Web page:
The Ohio state Senate today passed into law a pro-gun bill that will make it legal to bring a gun onto the statehouse grounds. But right before its passage, the most dangerous provision of the legislation — that would have reformed concealed carry laws — was stripped, likely thanks to efforts by the Ohio police.
Originally, the bill contained another iteration of so-called “reciprocity” laws, lobbied for heavily by the National Rifle Association, that aim to make concealed carry permits issued in one state valid in another. This means someone who obtained a permit to carry in Virginia, for example, could just continue to carry a firearm around when they moved to Ohio.
But the effort was halted last minute, likely because of the opposition from Ohio’s law enforcement. State police came out strongly against the bill, noting the problem with flat-out acceptance of other states’ gun laws, instead of requiring all people in Ohio to undergo Ohio’s training program:
The Ohio Association of Chiefs of Police and the Fraternal Order of Police of Ohio oppose the bill. Mike Weinman, director of government affairs for the FOP of Ohio, said automatic reciprocity circumvents Ohio’s training standards, which include at least 10 hours of class time and two hours of range time. He said he also doesn’t know how thorough the background checks are in other states. “We don’t want untrained people in our bars and strip clubs engaging in firefights in crowded rooms without any type of training,” he said.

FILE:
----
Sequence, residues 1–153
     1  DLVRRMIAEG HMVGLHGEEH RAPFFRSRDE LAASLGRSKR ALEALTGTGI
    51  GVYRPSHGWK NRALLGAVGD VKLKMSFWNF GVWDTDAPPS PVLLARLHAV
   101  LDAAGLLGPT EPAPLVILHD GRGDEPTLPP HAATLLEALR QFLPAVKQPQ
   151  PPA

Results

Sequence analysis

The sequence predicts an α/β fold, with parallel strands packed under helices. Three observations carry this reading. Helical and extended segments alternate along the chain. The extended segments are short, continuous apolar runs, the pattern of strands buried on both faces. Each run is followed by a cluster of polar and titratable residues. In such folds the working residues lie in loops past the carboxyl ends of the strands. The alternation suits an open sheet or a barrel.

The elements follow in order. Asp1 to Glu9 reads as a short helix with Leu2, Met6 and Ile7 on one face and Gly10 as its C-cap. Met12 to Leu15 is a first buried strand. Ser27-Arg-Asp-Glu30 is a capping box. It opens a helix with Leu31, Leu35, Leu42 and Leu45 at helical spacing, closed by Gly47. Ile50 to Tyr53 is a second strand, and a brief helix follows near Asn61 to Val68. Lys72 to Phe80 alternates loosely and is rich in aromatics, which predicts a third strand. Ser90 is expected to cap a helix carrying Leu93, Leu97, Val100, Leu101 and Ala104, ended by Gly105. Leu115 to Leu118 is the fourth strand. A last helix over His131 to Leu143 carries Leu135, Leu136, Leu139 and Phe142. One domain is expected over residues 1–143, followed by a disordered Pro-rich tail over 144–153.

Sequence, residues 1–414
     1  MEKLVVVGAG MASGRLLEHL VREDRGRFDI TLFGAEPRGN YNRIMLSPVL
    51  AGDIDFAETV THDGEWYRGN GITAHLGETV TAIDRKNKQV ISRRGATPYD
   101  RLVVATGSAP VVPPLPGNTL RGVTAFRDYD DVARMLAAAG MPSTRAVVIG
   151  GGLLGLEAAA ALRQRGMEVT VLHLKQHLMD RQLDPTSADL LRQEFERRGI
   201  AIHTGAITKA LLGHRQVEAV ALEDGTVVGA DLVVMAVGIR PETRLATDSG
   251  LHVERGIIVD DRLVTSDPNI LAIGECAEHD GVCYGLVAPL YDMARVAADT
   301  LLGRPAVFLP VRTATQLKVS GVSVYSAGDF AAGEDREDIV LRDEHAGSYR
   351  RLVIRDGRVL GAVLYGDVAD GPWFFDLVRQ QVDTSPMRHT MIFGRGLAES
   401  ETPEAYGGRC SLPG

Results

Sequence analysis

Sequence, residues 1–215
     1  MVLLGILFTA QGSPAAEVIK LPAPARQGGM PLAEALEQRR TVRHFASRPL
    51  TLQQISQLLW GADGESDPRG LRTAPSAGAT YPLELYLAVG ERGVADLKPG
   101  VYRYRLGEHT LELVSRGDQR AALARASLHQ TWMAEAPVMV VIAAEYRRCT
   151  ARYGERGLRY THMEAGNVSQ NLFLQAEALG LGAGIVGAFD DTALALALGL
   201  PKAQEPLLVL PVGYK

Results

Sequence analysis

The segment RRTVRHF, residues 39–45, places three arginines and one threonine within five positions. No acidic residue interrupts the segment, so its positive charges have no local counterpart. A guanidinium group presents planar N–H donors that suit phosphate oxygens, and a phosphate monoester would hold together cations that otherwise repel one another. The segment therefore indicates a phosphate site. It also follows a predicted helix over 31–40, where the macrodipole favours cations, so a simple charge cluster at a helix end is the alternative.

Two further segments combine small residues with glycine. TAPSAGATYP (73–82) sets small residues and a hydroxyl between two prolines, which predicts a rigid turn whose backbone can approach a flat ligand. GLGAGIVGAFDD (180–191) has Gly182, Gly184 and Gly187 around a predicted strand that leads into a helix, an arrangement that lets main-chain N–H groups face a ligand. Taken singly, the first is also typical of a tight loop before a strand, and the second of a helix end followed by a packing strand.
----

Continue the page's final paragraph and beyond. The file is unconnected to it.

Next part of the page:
Weinman’s point is valid: Ohio’s laws are already so lax that any permit holder can enter an establishment that sells alcohol with a concealed weapon, as long as they don’t drink — a restriction that is not easy to track.
The NRA has been pushing for similar legislation around the country, including in the U.S. Congress where a similar reciprocity measure was proposed by the GOP. These laws have been continuously rejected, however, by legislatures with concerns like those of Ohio’s police force.
Lawmakers in Michigan also sided with police today against another dangerous, NRA-backed law. The law would have removed a background check requirement for those buying handguns from unlicensed buyers, a move that Michigan state police feared might allow the mentally ill, domestic abusers, and felons the ability to obtain a firearm.